Quote

The Most Beautiful Things

23 Sep

“Remember that the most beautiful things in the world are the most useless; peacocks and lilies for instance.”

– John Steinbeck

A peacock at Flannery O’Connor’s childhood home, Andalusia in Milledgeville, GA.

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Read “Birnam Wood” by T. Coraghessan Boyle

21 Sep

Vestal, New YorkMy aunt learned to read tarot cards in college as a party trick. Now, every New Years when she comes to visit, she’ll pull out her stack of cards from their purple velvet pouch, shuffle them between her long-nailed fingers, and lay them out in a Celtic Cross spread across the floor in front of us. The penultimate card, the last to be revealed before the outcome, is the card that dictates the inquirer’s Hopes and Fears. Even though the Final Outcome card may allow you to “know” what will occur in the next year, or semester, or month of your life, when it comes down to the actual living, the outcome isn’t the focus. What matters instead are the hopes and fears. Those emotions are the way you will live your day to day life, and those are the emotions that give the outcome meaning.

Sorry to go off on a tarot tangent. And sorry if you think they’re bizarre. They are, it’s true, but I write of tarot cards because they seem to work well with this week’s story, which has reverberations of Shakespeare’s Macbeth.

T. Coraghessan Boyle’s “Birnam Wood,” published in The New Yorker in August (available online here) is the story of a young couple struggling to live in upstate New York in the 70s. The summer has ended, winter is setting on, and meanwhile Keith and Nora are struggling to pay the bills for a cold, leaking shack. Resentment brews (bubble, bubble, toil and trouble) and miraculously, they are offered an out: a chance to house-sit in a beautiful mansion in Birnam Wood, which includes its own pool table and a private lake. To convince the elderly couple that they are responsible young adults, Keith and Nora pretend they are married. So begins the domestic experiment, both of them hoping the resentment they felt over the fall will fade, both imagining what it might be like to really own this home, to really belong to each other.

In the past, Boyle has been deemed a maximalist, a writer with melodramatic tendencies and a flare for the bizarre that he sometimes includes to the detriment of his stories. Personally, I love the Boyle that busts with raw humor and dark absurdity. If you have a New Yorker subscription, you can read the archive: the man has written a story called “Thirteen-Hundred Rats,” (it’s ridiculously morbid and strange) and his use of the fantastic in the story “Los Gigantes” still works within a complicated, thought-provoking piece.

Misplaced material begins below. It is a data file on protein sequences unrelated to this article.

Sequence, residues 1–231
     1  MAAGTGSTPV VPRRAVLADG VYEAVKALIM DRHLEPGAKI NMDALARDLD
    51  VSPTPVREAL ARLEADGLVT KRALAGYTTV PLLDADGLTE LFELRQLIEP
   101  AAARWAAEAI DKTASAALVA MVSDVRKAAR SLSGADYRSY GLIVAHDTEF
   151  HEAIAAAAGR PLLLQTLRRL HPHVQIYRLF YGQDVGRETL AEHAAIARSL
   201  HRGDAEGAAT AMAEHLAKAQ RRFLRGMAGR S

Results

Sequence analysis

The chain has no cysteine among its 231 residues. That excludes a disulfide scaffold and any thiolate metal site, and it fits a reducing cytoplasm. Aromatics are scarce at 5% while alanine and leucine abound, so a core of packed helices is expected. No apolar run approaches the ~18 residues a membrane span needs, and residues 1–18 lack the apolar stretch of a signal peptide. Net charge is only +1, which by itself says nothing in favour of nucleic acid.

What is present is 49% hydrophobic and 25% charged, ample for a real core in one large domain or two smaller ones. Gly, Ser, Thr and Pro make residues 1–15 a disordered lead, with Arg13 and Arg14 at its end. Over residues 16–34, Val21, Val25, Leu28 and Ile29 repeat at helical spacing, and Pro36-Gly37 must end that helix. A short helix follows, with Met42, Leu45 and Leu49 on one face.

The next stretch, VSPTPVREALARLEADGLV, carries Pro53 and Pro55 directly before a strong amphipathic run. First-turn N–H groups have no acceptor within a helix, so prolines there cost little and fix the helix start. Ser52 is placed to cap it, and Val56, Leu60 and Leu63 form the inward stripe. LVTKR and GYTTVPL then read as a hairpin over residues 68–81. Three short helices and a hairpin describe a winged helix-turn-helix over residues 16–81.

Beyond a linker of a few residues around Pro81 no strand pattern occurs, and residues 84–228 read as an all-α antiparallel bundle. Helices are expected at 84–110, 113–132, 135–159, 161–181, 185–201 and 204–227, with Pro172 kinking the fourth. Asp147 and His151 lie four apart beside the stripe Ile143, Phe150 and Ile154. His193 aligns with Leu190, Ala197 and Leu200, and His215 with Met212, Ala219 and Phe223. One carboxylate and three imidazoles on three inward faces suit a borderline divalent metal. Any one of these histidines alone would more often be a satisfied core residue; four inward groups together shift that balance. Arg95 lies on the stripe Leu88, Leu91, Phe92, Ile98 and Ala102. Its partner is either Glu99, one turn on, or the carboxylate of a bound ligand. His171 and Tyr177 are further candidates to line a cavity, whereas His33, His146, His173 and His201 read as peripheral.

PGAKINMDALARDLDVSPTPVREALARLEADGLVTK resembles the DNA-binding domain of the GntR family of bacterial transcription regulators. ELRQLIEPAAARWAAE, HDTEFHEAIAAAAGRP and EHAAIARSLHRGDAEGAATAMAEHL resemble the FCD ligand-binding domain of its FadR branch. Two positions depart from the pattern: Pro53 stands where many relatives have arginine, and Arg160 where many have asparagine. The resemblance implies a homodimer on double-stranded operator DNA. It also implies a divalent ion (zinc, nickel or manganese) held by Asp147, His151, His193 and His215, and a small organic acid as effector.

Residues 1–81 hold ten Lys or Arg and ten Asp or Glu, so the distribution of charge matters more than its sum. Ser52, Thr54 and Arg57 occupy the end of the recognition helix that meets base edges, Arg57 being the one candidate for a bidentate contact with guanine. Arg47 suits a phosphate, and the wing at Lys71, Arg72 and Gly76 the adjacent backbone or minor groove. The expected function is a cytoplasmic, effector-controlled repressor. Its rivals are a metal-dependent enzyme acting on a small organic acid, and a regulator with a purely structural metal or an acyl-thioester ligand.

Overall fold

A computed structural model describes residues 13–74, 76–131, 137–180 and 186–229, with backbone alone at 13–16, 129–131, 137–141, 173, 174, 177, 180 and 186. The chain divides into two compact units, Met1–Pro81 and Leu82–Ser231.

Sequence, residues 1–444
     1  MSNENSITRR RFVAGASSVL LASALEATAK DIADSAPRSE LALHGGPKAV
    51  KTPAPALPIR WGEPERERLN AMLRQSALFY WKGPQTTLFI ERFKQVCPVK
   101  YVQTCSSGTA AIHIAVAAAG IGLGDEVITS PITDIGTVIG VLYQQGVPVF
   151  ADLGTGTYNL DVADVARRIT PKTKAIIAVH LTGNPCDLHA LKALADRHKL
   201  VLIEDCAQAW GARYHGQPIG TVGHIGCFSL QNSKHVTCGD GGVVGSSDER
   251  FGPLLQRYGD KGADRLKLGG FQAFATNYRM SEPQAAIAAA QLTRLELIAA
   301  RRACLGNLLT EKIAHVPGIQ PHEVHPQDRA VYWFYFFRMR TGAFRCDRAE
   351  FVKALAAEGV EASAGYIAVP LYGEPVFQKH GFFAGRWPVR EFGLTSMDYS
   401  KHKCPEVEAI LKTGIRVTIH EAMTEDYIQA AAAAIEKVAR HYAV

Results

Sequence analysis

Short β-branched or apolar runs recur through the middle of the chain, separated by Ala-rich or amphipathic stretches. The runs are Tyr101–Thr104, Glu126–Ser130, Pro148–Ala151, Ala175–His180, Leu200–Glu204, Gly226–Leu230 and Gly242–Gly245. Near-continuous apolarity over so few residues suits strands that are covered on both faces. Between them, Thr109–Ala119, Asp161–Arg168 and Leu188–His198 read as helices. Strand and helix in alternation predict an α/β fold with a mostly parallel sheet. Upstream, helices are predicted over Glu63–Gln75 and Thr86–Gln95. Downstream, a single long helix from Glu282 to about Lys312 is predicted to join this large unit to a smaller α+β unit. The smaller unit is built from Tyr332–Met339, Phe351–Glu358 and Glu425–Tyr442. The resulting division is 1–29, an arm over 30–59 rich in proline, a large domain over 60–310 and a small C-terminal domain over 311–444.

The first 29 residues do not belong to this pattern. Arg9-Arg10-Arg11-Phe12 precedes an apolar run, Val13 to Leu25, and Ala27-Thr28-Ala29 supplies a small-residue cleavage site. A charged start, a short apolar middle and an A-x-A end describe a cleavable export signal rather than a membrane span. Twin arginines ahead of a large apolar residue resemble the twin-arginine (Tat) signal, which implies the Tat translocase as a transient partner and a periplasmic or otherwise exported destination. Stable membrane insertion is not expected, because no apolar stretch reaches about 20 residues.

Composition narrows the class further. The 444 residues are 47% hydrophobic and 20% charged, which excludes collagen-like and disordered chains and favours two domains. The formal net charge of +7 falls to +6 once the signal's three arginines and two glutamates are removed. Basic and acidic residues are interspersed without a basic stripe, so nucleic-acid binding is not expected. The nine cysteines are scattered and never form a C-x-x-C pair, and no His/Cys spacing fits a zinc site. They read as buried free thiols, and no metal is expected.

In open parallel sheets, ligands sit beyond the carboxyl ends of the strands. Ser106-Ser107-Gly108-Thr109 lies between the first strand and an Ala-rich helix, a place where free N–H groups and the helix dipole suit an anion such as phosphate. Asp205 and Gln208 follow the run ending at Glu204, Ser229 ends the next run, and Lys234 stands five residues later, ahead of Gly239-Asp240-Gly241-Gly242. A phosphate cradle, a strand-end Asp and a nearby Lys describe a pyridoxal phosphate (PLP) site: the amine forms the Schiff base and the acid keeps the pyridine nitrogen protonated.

But “Birnam Wood” operates on a subtler plain, and the paring back of the bizarre allows us to really focus on what matters in this story: the splintering cracks in Keith and Nora’s relationship.

After they move in to the mansion, things are good for awhile. The tension dissipates, and they try to experience the last days of summer:

“Whenever we could, we went out in the rowboat, and though we never acknowledged it, I suppose we were both thinking the same thing—that we’d better take advantage of it while we could, because each day of the sun might be the last.”

(A metaphor, of course, for the way Keith and Nora cling to the last days of their own relationship.)

The story blows up emotionally (in a good way) after Steve from the bar arrives at the house, and Nora understands what Steve and Keith have talked about in the bar. It’s a terrific, forceful moment in the story, and what follows after is really just Keith coming to terms with all he has lost.

He wanders out across the frozen lake, where he sees into the bedroom of a house, where a man and woman lie side by side, reading before they go to bed, and the narrator sits there, in the icy dark, and watches them until the light goes out.

The scene mirrors an earlier moment in the story, when Keith falls asleep to Nora reading in her separate bed across the room from him:

“…when I switched off my lamp and turned to the wall the last image fading in my brain was of the steady bright nimbus of Nora’s light and her face shining their above the book.”